Rishabh Parakh is a Chartered Accountant by Profession and a founder and Chief Gardener of Money Plant Consultancy, an established firm based out of Maharashtra with operations expanded to Singapore & the UK. He is also an author of the Book titled "Financial Spirituality".
You would find many people advising you to invest in the international market to diversify your portfolio. This trend has suddenly caught everyone’s attention. In particular, Mutual Fund schemes having exposure to foreign markets are attracting a lot of attention.
Why has this discussion gained so much popularity all of a sudden?
The coronavirus has led to a correction across the global stock markets. If you are looking to invest for the long term, this is a good time to do it. For example, a developed nation like the US houses some of the global market leaders like Google, Netflix, Facebook, Amazon, Apple, Microsoft, etc. These companies are strongly placed to deal with the sudden disruptions caused by Covid-19. Due to the market correction, they are offering good price points to enter.
When should you choose international funds?
Geographical diversification is the primary reason for investing in international funds. Different economies may not move in the same directions, and international funds can help to support your returns when the Indian market is not performing. So, adding international funds to your portfolio can fetch you higher returns as it invests in multiple economies. However, these benefits come with their own risk, which you should be aware of. You need to be mindful about your risk profile, financial goals, and investment objectives. If the objective is purely to generate better returns, then it is not advisable to take this risk.
Make sure you have a good portfolio in India, which can help absorb the shock of any sudden changes in foreign markets, before investing overseas. Your investments should be spread across different asset classes like PF, PPF, FD, real estate, gold, mutual funds, stocks, etc. Without a good asset allocation in your own country’s economy, foreign investments should not be considered. These investments are highly suitable for HNI investors who can invest up to 5-10% of their money abroad.
What can international funds help you achieve?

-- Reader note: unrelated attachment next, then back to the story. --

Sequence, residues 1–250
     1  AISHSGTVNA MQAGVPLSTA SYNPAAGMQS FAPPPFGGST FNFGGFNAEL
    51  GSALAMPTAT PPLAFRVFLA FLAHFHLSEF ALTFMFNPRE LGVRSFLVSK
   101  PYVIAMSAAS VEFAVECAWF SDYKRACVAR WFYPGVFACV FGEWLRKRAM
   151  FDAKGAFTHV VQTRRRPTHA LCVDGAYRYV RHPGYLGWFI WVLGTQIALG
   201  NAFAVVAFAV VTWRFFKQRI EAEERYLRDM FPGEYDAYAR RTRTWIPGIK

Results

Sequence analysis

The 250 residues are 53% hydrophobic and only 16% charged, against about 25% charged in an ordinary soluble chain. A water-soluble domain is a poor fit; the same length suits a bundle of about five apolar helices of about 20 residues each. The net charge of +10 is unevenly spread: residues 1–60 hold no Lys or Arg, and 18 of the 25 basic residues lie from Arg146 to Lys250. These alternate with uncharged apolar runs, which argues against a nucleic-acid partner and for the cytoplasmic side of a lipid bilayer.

If you want to send your child, say, to the US for higher education in the future, or wish to stay there, work there, or open a company there, then it is a great idea to invest in the US; apart from the return on investment, you can also benefit from dollar appreciation. Therefore, it helps you create your dollar bucket and provides a hedge against currency fluctuations. You can even plan this investment to fund your foreign vacation to avoid currency exchange shocks at a later stage.
Know the risks involved
Although there is good scope to earn better returns on your portfolio by investing in multiple economies or different markets, these benefits do come with a fair amount of risk. There are two major risks with investing in international funds. First is the currency exchange difference. If the rupee appreciates versus any currency that you are investing in, then the returns will suffer accordingly. Secondly, any economic and political changes can impact your investment, which is a significant and unpredictable risk.
The tax impact
You can invest up to $250,000 under Liberalised Remittance Scheme (LRS). The capital gains on your international funds funds are treated like your debt funds and gains made will be taxed accordingly. So, gains booked within a period of three years from the date of investment will be short term capital gains and it will be added to your tax slab. For long term capital gains, it will be 20 percent tax subject to indexation benefit.
How to select the international funds?
International funds comes in all shapes and sizes with a distinct bucket. There are funds that invest not only in different countries, from developed to emerging markets, but also in sectors and commodities including gold, technology, and agriculture. An investor should focus on developed markets like the American or European markets, because they play a bigger role in the global market. Since India is an emerging economy, this combination of Indian equity and international developed markets makes sense. If you have the time and willingness to go for direct stock market investing, stick to these market leaders. Otherwise, go with mutual fund schemes that have exposure to the international market in the form of a diversified fund or an ETF. Investing directly in stocks needs a good amount of time, money and expertise.
Considering the above points, you may start your international investment with a US-specific fund. Simply go with a broader index fund to avoid any sectoral risk. There are schemes that offer a mix of Indian stock market and international market stand to offer you superior tax advantage. But my advice is to stick to funds that have complete international exposure rather than a mix of Indian market and overseas stocks as you have your other domestic mutual fund schemes already. In any case, investing in an international fund should be done basis your risk profile and may not suit every investor profile, so invest mindfully.
The writer is a chartered accountant and founder and chief gardener of Money Plant Consultancy